A significant problem in the prior art is the lack of uniformity in structural plans. There are currently no known methods of systematically standardizing the variances between various plan formats, even if they are in digital format and produced by the same design software application. While preexisting structural plans may simply be stored and transmitted to a remote location, there is currently no uniform context to the structural objects nor can they be presented in a uniform manner. Although the above-mentioned references describe the necessity of accessing structural plans to respond to crisis situations, none of the references solve the problem of clearly presenting an array of heterogeneous plans and information to a remote location.
Accordingly, what is needed in the art is a method for emergency response personnel to quickly and consistently access structural information on an area of concern.
There is another need in the art for a standardization process wherein a heterogeneous array of structural data may be processed and displayed in a uniform and accessible fashion.
There is another need in the art for onsite three-dimensional visualization of structural data.
There is another need in the art to provide structural plans to a remote location optimized for an array of tactical objectives.
There is another need in the art for a method for encapsulating logic into standard structural objects to aid in achieving particular tactical objectives.
There is another need in the art to provide an efficient and consistent structural overlay for GPS-based personnel monitoring.
There is another need in the art to provide GPS-based identification of downed personnel with respect to structural plans.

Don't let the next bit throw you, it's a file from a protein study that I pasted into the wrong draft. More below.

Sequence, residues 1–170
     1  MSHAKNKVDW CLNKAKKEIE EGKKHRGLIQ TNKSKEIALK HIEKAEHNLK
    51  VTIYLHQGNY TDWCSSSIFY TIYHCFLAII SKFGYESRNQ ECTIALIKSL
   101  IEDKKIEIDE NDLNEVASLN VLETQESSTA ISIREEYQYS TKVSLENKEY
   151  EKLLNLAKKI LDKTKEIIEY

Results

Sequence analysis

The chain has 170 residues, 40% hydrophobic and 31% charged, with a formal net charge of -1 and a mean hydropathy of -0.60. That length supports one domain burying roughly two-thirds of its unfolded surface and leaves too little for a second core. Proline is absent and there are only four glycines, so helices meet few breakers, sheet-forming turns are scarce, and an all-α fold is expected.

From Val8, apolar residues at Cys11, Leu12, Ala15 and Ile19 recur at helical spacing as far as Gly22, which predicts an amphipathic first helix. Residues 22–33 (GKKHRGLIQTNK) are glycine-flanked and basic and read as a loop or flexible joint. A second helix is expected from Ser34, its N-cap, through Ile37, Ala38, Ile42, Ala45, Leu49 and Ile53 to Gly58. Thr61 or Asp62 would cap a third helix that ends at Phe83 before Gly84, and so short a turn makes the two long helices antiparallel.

It is, therefore, to the effective resolution of the aforementioned problems and shortcomings of the prior art that the present invention is directed.
However, in view of the prior art in at the time the present invention was made, it was not obvious to those of ordinary skill in the pertinent art how the identified needs could be fulfilled.
The present invention includes a method of processing and displaying structural plans responsive to emergency tactical situations, the method comprising the steps of receiving a heterogeneous array of structural plan files, establishing a common specification for displaying structural plans, transforming the heterogeneous array of structural plan files to a standardized plan according to the common specification, receiving a remote request for a structural plan relating to a tactical objective and responsive to the remote request transmitting the standardized plan to a remote recipient. Additional steps may include establishing an array of preselected tactical objectives, establishing an array of relevant objects for each preselected tactical objectives and filtering the array of relevant objects from the standardized plan according to the tactical objective and transmitting the filtered plan to the remote recipient.
A preferred embodiment of the invention includes the steps of establishing an array of reusable structural objects according to the common specification, associating a tactical strategy with at least one object in the array of reusable structural objects, constructing the standardized plan with the array of reusable structural objects and generating a tactical recommendation display to the remote recipient responsive to a display of the at least one object. Additional steps may include calculating a position of the at least one object relative to other objects and generating the tactical recommendation display in view of the position.
An array of dimensions of the object may be calculated wherein the tactical recommendation display is generated in view of the array of dimensions. Exemplary tactical strategies may include providing fire cover, providing pathways for equipment transport, providing utility access or providing containment by lockable doors. For example, where law enforcement or military personnel wish to position themselves within a structure to maximize protection against hostile gunfire, the tactical recommendation display may be a gradient rendered over areas of concern. This creates a topography map of hazardous locations offering the least protection against hostile gunfire. Another example, is where emergency rescue personnel must transport a stretcher to an incapacitated individual. Elevators, stairways, and tight corners may be unable to accommodate the stretcher. Accordingly, the tactical recommendation display comprises warning markers rendered over pathways of insufficient dimensions to transport equipment. If the point-to-point locations are known, the tactical recommendation display comprises a rendered trail over at least one pathway of sufficient dimensions to transport the equipment.